What is an active arrest warrant?
An active arrest warrant is a document that grants law enforcement the right to arrest you at any point. It can be given out for matters as benign as unpaid speeding tickets, or items as grave as homicide. Arrest warrants are drafted by a court of law, and are typically only provided to state-level law enforcement. That being said, if a police officer recognizes you, and has seen the warrant, they may turn you over to the department that was granted the warrant.
How can I find out if I have an arrest warrant?
Most courts do not inform the individual on the warrant that they can be arrested. Typically, this is done to provide police officers with time to track you down and perform the arrest. That being said, arrest warrants are a public record, and are available to anyone who knows where to look. Below will be a list detailing the various places, from best to worst, that you can search through.
- Online public records databases
This is easily the best option. Websites like SpyFly have access to billions of public records, for a reasonable price. All you need to do to begin searching for an active arrest warrant is to type your name, and select the state you believe the warrant was issued to. Results should be relatively easy to narrow down after that. The records of warrants that SpyFly provides identifying information, which can be used to identify if you’re the person specified.
A great advantage of SpyFly is their confidentiality. No government agencies are informed of your search, allowing you to investigate without fear that it’ll increase police efforts to arrest you. Moreover, SpyFly is available for use on a smartphone. THis allows you to check for an arrest warrant even if you suspect that police are waiting at your house to arrest you.
- Visit a lawyer
If you’re prepared to pay hefty consultation fees, a lawyer or legal office is a viable option. Almost every attorney pays for access to some kind of legal database. These are likely to be more extensive than a public records search, but they’ll be able to provide you with a copy of your arrest warrant very easily.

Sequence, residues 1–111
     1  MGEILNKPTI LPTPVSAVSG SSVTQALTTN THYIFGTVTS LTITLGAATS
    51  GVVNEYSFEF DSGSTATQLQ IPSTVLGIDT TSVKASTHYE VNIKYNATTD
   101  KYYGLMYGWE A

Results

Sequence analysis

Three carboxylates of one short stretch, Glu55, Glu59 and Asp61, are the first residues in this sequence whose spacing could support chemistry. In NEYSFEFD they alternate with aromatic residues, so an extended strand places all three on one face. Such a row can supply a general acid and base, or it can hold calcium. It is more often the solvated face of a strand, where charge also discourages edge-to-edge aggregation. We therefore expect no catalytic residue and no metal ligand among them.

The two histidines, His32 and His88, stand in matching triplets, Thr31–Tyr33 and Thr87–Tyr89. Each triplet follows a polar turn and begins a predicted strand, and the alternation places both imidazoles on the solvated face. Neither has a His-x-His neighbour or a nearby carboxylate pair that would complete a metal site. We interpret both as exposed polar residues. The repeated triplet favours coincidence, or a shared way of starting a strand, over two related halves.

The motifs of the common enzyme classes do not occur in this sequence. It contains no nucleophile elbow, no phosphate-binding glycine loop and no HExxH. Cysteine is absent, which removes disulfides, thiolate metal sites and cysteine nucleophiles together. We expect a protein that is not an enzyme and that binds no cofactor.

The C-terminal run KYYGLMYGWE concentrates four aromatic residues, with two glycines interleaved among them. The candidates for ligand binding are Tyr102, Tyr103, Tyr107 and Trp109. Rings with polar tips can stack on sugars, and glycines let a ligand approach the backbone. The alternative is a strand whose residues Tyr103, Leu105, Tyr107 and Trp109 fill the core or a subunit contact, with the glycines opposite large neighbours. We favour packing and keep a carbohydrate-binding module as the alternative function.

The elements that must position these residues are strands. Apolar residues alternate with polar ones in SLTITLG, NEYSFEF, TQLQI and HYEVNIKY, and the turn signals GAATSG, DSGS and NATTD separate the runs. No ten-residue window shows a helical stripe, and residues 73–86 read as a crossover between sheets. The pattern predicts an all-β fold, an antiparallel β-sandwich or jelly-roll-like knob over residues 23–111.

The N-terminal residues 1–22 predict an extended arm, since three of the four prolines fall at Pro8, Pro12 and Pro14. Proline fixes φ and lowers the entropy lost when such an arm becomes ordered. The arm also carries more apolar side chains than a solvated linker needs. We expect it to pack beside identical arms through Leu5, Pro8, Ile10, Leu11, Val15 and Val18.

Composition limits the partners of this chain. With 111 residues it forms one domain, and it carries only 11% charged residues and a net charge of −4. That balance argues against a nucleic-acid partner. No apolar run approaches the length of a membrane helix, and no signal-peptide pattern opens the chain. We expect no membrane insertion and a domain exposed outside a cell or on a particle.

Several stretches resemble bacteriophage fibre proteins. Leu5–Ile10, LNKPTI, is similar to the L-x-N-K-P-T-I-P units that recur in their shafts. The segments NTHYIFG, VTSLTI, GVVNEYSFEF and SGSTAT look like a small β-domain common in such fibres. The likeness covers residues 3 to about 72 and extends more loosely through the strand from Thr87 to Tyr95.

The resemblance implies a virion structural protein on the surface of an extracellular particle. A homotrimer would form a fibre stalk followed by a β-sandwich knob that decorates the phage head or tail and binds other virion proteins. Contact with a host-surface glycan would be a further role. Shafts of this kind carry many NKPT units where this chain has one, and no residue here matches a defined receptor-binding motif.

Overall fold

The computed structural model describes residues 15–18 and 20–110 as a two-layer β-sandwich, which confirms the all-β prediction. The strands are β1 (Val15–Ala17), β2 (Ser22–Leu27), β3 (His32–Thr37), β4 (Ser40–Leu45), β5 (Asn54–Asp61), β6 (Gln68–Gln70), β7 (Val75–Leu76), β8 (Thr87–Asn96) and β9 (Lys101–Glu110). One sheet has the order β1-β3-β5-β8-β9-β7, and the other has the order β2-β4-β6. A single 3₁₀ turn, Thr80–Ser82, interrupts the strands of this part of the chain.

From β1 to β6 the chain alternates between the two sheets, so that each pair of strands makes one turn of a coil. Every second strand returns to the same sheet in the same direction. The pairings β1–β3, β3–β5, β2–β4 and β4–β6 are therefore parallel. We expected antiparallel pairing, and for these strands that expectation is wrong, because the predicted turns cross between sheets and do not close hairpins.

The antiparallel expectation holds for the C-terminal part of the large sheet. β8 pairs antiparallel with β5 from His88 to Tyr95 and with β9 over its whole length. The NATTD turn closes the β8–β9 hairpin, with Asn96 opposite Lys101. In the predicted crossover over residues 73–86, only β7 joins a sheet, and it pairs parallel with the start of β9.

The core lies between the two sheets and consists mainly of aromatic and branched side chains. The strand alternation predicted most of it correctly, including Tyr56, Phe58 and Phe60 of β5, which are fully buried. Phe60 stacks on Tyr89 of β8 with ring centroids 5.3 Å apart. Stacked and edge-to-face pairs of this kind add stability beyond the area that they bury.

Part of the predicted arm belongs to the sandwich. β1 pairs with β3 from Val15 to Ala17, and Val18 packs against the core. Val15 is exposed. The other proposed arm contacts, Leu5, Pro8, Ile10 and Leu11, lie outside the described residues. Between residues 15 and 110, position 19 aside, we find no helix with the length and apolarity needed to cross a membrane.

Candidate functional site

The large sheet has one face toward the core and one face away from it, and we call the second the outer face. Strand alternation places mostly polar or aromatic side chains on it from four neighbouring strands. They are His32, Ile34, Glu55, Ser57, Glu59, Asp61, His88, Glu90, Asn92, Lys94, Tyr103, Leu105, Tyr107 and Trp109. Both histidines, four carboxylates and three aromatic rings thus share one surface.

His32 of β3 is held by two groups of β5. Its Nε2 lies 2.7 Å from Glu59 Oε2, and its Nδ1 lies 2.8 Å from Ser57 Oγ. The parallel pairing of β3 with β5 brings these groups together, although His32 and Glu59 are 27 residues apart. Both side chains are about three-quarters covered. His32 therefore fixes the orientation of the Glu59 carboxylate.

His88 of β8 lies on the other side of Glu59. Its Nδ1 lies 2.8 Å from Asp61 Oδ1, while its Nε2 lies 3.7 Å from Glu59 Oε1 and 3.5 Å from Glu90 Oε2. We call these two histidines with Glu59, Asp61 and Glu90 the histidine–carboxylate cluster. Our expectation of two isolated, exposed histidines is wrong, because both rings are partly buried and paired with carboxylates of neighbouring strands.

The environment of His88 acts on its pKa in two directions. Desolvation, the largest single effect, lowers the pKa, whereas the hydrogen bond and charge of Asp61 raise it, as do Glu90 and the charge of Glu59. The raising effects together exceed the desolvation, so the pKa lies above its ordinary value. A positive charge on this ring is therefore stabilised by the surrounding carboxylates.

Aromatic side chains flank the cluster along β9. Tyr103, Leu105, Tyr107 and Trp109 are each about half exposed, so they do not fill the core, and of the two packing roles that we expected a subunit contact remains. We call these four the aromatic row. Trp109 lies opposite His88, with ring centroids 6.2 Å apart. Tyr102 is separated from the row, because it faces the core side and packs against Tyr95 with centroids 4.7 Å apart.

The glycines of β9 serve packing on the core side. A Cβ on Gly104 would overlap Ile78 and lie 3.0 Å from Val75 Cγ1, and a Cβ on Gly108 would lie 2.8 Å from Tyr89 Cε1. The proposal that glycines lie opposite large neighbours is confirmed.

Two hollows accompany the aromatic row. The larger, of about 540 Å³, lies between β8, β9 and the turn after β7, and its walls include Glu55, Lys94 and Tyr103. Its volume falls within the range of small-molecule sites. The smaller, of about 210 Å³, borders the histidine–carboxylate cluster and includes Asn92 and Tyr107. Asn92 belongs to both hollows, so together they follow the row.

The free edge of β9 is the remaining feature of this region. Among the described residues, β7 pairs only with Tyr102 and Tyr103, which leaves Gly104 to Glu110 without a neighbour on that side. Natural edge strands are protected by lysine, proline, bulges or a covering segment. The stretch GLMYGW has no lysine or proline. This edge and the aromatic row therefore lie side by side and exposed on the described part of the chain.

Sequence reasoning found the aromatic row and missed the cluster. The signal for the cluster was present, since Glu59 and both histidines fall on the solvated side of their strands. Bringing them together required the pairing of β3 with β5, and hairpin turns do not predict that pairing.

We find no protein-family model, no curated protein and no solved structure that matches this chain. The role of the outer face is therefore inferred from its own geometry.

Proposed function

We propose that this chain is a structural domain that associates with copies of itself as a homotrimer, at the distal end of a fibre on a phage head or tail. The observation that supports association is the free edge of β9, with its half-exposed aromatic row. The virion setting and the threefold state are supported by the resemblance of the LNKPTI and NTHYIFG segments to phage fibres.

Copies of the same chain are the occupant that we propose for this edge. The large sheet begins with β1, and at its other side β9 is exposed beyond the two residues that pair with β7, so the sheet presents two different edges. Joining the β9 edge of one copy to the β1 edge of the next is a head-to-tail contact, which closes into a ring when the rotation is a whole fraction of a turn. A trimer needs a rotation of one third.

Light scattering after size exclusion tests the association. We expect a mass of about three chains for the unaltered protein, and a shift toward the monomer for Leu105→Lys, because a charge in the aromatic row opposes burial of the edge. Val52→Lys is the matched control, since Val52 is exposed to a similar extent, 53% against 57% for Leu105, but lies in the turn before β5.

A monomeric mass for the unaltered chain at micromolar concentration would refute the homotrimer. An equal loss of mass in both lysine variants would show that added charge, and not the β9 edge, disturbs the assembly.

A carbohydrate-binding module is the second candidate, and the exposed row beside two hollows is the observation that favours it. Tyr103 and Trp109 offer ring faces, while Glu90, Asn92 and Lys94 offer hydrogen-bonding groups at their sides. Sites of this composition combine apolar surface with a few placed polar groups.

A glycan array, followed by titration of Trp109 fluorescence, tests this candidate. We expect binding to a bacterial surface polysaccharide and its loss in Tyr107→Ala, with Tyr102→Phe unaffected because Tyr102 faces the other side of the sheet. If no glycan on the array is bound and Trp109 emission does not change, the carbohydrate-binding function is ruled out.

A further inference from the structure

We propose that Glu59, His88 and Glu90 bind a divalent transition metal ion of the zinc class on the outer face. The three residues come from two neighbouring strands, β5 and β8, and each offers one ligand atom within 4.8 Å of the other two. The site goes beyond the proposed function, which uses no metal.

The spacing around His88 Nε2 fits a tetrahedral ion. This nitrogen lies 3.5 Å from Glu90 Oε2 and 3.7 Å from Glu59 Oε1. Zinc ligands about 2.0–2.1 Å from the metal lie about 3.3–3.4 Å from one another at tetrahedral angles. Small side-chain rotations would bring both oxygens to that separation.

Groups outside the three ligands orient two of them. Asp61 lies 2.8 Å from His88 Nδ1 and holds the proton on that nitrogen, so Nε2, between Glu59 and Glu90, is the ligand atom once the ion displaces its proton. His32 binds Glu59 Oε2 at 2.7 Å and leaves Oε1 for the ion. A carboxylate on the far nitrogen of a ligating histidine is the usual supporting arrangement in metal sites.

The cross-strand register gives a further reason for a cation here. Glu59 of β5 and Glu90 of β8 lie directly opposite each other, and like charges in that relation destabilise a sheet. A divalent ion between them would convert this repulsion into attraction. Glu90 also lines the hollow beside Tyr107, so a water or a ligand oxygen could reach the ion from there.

However, if you’re incorrect, and you don’t possess an arrest warrant, then it’s likely that you’ll be out of a hefty sum of money to turn up nothing, and have wasted your time.
- Visit a local courthouse
As the warrant must be issued from a court, the court will almost certainly possess a copy of it. Simply visit the courthouse you believe drafted the arrest warrant, and speak with a county clerk regarding the matter. They’ll take your information, and get to your request as soon as they can. However, keep in mind that many county clerks are overloaded with requests, and may take days or even weeks to process your inquiry. Afterwards, you’ll need to wait several days for them to mail it to you, at which point you’ll know if that court had a copy of your warrant.
However, not only is this option somewhat reliable, but it can also be somewhat dangerous. Nothing is preventing the county clerk from sending a tip to law enforcement that you’ll need to check your mail soon, at which point any remotely qualified police officer can simply stake out your mailing address, and wait for you to grab your warrant. You might get arrested before you even find out if you had a warrant in the first place.
- Visit a sheriff’s department
All you need to do for this one is head over to the police station, and speak with an officer on duty. They’ll be able to point you to an officer assigned clerical work, who will assist you with your search. Any police department that possesses your arrest warrant must have a copy of it in the station, and it won’t be too difficult to find.
But, you see the problem. If you’re right, and the officer helping you finds your warrant, they’re going to arrest you. Right there. They may not even tell you that you were right before they’ve grabbed their handcuffs. As such, only do this if for some reason, you really really want to be arrested. Which you shouldn’t want anyways.
SpyFly provides consumers affordable, immediate access to public record information. Federal laws prohibit businesses from using SpyFly’s service to make decisions about employment, insurance, consumer credit, tenant screening, or for any other purpose subject to the Fair Credit Reporting Act, 15 USC 1681 et seq.